Two Stony Brook University students have been selected as recipients of the Barry Goldwater Scholarship, which recognizes outstanding undergraduates who intend to pursue PhDs in STEM fields. This year’s winners are both applied mathematics and statistics majors: Sarah Gunasekera ‘24, from Mt. Sinai, New York; and Andrew Bae ‘24, from Cohoes, New York.
The Goldwater Scholarship accepts limited nominations, and this year students competed in a national pool of 5,000 applicants. Of the 1,267 who were nominated by 427 institutions, only 413 were selected as scholarship recipients.
“Winning the Goldwater Scholarship is a significant achievement,” said Ashley Staples, director for external fellowships. “Our institution can only put forward four candidates for this award and each SBU candidate was exceptional. That Sarah and Andrew were recognized at the national level is an excellent testament to their work and the amazing environment for undergraduate research fostered here at Stony Brook.”
Gunasekera has spent the past year researching under advisors Carlos Simmerling (Department of Chemistry) and Jingfang Ju (Department of Pathology). She will continue on to study bioinformatics/computational biology, and aims to pave the way for better therapeutics to improve human health using novel computational and bioinformatic methods.
Bae has been researching under advisors Susu Xu (Departments of Civil Engineering and Computer Science) and Benjamin S. Hsiao (Chemistry). He plans to continue his studies in smart mobility and will be using machine learning to make our transportation systems safer and more sustainable.
Bae originally majored in chemical engineering for the first three years of his undergraduate studies before making the difficult decision to switch fields.
“Although I was one of the top students in the chemical engineering department, I felt unfulfilled and disinterested in both my coursework and undergraduate research projects,” said Bae. He spent time exploring different fields before finally deciding to pursue transportation, and major in applied mathematics and statistics in the College of Engineering and Applied Sciences (CEAS). “Although the transition was tough, I’m so fortunate to have met people along the way who have guided me in the right direction.”
Bae has a published first-author workshop paper in ACM SenSys 2022 titled, “Discovering and Understanding Biases in Autonomous Pedestrian Trajectory Prediction Systems.” This summer, he will be a research intern at Lawrence Berkeley National Laboratory in Berkeley, California.
“I’m excited about pursuing PhD work because of the future opportunities I see in the field of smart transportation,” said Bae. “With recent advancements in autonomous vehicles and the Internet of Things, we are potentially on the verge of a new revolution in transportation, and I hope to be at the forefront of this revolution.”
Gunasekera was originally unsure of which career path she wanted to pursue at the start of her undergraduate studies. Her interests were spread across many different fields in biology, mathematics and computer science. She eventually decided to pursue a double major in biology (in the College of Arts and Sciences) and applied mathematics and statistics.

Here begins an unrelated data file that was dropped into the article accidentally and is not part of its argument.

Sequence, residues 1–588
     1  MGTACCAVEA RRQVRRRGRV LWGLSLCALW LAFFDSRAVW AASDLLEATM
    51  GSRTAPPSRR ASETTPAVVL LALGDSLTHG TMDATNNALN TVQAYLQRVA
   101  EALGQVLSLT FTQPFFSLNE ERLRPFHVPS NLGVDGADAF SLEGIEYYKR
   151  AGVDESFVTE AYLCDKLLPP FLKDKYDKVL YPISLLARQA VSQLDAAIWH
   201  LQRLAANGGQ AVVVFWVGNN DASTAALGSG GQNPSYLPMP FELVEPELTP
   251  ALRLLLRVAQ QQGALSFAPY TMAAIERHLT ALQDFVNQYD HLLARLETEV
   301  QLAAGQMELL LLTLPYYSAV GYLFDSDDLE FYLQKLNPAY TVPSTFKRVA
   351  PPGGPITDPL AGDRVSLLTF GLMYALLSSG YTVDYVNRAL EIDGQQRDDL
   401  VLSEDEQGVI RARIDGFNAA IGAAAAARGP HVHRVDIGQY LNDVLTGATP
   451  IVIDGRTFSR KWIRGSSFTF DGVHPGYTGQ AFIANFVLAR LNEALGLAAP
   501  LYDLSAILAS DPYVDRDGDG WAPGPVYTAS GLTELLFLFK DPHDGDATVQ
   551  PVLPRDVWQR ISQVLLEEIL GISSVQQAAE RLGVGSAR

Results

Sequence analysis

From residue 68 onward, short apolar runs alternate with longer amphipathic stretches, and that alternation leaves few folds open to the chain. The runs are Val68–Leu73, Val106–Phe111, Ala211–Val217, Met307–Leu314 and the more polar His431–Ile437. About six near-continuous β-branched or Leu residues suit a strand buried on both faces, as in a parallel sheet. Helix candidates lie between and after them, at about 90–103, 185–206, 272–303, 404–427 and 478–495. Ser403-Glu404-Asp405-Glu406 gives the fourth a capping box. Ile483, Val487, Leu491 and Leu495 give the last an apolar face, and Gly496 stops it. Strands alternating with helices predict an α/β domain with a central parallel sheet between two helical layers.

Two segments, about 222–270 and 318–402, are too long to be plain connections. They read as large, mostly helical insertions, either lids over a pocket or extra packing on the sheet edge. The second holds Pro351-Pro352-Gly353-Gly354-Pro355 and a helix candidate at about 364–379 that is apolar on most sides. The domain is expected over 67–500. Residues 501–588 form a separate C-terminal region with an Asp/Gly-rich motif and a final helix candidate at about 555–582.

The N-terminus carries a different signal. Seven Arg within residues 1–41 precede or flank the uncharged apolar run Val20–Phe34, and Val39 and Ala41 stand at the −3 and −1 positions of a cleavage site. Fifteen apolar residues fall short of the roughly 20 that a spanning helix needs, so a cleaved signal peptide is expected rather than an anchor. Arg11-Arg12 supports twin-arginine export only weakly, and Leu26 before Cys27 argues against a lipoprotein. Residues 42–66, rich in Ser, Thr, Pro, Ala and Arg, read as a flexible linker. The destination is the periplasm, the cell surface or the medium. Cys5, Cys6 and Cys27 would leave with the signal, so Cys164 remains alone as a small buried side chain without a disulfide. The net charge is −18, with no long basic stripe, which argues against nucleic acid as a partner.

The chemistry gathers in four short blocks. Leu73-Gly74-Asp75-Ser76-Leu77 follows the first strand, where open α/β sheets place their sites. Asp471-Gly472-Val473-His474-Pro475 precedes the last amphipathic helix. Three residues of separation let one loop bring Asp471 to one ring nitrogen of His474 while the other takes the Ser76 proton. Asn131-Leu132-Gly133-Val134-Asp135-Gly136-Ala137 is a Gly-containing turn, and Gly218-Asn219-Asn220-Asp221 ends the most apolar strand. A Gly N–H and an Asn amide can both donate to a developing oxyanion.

“I felt uncertain about the coursework and research I hoped to engage with; however, this journey through academic fields helped me understand that I wanted to be an interdisciplinary scientist,” said Gunasekera. Her studies formally introduced her to the computational and mathematical tools that complemented her biological learning in other classes.
In May 2022, Gunasekera contributed to a paper published in the Journal of Chemical Theory and Computation titled “Accelerating the Ensemble Convergence of RNA Hairpin Simulations with a Replica Exchange Structure Reservoir.”
Gunasekera will continue to work on her Goldwater Scholarship project proposal under the Frances Velay Women and Science Research Program at Stony Brook this summer.
“I am excited to engage in doctoral studies because I believe, as an undergraduate, I have only scratched the surface of the vast realm of computer-aided biology,” Gunasekera said. “Incorporating bioinformatic tools in experimental research has seen a significant increase because of technological developments, and I am keen on being part of a research setting that actively drives this expansion.”
“Being recognized by the Goldwater Foundation helps to reinforce students’ desire to pursue research careers in the natural sciences, engineering and mathematics and to recognize students that have shown dedication and promise to advance scholarly work,” said David Rubenstein, associate dean of the Graduate School who is also a professor and former Goldwater scholar. “The Goldwater Scholarship is a strong first step for students interested in continuing in careers dependent on research.”
The Barry M. Goldwater Scholarship and Excellence in Education Program, named after the five-term Arizona senator, is one of the oldest and most prestigious nationally competitive awards in the natural sciences, engineering and mathematics. The scholarship has been awarded annually to roughly 300 college sophomores and juniors since 1986. It is awarded based on merit and the amount given is determined by the student’s financial needs, which includes up to a maximum of $7,500 per academic year.
“It’s been wonderful to see the potential of the students who are nominated for the Goldwater Scholarship, and to follow how being recognized as one of the next generation leaders in science research can propel them to other amazing opportunities and achievements,” said Karen Kernan, director for Undergraduate Research and Creative Activities. “We are very excited for both Andrew and Sarah!”
Students interested in applying for the Goldwater scholarship can learn more about the award at External Fellowships and Scholarships.
— Nicole Dona